3. I requisition for final payment, send final lien waivers

4. Owner releases payment and retainage

@Nick Noon

Thank you for your time and details in your response. I see that Massachusetts has retainage law which applies to private projects above $3Million. I see it does not apply to small private projects and also to 1 to 4 units. Similarly, I see that there is no retainage statute in Illinois for small private construction projects. Also, the problem is GC is saying that he will not provide details of sub contractors.

Anybody enforced issuing the lien waiver from GC along with sub contractor lien waivers ? It will be more helpful if you have done it in Illinois.


@Raj Kumar I am a contractor, not in IL, but as per that standard, state mandated form, the GC is required to identify the, I would demand it , as it is standard practice and on a state form.  If he balms, he doesn't get paid, tough sh$$.  If he field a lien, it would be a fraudulent lien, and he already knows that.  And, you do Not pay him, then get the release later.  What you do, as the payor, is make the check out, send him a Copy......then the check#, acct# and $ amount gets put on the release somewhere, and "this release contingent upon funding of above mentioned check".  This way you are both covered.  Be aware, just because your gc signs this release does not mean subs and suppliers can't lien your property.  As mentioned above, you need final releases from them too.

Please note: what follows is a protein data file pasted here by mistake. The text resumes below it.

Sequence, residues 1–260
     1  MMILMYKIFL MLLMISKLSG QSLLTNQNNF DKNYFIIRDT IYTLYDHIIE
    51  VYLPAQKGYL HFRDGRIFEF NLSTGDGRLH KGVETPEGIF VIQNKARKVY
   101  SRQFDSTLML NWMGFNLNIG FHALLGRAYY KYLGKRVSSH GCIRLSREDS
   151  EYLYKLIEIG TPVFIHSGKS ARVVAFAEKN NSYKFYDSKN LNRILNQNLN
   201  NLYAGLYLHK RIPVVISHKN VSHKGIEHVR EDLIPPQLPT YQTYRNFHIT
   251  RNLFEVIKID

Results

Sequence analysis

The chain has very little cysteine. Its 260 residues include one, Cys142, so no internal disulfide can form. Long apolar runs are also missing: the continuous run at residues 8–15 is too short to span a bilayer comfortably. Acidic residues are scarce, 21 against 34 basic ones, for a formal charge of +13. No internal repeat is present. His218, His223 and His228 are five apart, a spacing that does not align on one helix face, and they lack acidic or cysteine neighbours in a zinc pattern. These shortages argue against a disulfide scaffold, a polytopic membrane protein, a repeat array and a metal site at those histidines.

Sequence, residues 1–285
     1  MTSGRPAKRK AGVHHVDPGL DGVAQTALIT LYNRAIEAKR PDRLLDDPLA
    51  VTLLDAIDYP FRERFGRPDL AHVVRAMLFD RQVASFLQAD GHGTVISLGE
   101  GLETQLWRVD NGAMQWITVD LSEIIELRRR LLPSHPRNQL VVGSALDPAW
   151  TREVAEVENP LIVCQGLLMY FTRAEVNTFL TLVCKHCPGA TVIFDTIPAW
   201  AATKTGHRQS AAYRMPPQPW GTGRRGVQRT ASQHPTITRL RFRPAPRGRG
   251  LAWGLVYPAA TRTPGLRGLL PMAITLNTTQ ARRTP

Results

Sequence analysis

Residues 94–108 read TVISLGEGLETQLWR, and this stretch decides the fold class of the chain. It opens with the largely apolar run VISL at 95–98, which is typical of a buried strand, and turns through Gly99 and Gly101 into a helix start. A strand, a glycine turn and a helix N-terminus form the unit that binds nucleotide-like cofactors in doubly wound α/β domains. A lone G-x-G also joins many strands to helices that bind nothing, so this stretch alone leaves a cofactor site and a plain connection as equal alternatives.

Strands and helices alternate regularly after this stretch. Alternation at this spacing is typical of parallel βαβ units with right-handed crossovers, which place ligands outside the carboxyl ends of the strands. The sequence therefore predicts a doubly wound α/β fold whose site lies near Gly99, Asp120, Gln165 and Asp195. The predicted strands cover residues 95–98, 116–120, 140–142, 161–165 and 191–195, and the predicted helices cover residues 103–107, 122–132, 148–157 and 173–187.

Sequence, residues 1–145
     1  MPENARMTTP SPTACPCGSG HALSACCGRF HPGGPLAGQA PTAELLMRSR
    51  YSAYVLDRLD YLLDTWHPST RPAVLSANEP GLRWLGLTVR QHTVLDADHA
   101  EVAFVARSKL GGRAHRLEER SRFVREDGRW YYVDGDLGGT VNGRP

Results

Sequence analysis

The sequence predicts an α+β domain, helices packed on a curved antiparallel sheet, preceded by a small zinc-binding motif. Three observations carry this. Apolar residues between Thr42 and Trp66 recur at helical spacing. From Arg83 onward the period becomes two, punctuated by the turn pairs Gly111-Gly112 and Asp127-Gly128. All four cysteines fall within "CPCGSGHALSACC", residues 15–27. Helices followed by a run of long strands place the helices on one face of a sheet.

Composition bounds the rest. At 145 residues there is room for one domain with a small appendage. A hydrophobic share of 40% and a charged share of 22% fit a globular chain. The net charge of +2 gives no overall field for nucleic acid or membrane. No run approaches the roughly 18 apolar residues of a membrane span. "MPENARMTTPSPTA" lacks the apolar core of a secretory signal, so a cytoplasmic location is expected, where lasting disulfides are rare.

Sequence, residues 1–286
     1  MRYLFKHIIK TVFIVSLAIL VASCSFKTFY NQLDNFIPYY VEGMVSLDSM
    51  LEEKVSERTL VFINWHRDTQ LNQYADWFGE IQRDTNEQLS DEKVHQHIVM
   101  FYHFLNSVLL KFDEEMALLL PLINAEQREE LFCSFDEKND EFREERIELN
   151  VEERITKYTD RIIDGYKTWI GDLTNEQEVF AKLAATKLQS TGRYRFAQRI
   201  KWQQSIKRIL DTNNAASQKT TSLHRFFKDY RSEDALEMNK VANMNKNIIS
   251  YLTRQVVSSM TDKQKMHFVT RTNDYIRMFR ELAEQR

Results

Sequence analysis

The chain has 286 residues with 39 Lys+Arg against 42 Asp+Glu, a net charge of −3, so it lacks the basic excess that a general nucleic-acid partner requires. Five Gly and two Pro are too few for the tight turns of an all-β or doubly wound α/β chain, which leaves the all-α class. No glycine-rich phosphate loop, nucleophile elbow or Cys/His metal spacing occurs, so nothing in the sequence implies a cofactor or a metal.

Updated over 2 years ago

if he "balks", not "balms".

 @Wayne Brooks

Thank you for your time and response. Can identification of subs be enforced on a non-owner occupying/investment properties?


@Raj Kumar You need to google up and read the lien statutes for your state...shouldn't take more than an hour or so. I can't imagine there any difference for owner occupied, investment, etc.  Remember , your only leverage is your check book.

@Raj Kumar Doesn't matter who enforces it, if you hired them (you hold the contract), you can enforce it. I'm with Wayne on this.

@Raj Kumar You should be working with an Attorney who specializes in this area of practice in your City. Then you have some recourse. There's little recourse on an article you find on BP or Google, if there's a problem.

I believe you can have the GC indemnify you from all their subs if they won't provide the individual lien waivers. But get that Attorney to do it!

Sounds like the project went well if you're at the final payment. You may not want to mess this up taunting the GC! Get that Attorney, go to the GCs office, don't leave until you're all satisfied! Get going on the next Project.

We don't need to see any more legal issue questions, just let us know you "get er done!" and what's the next project;-) IMHO of course...

indemnity does not prevent lien filings. You don't need an attorney for this, the law and state board for contractors consumer dept has all the info you need, all you need is pickup the phone.

Create Lasting Wealth Through Real Estate

Join the millions of people achieving financial freedom through the power of real estate investing

Start here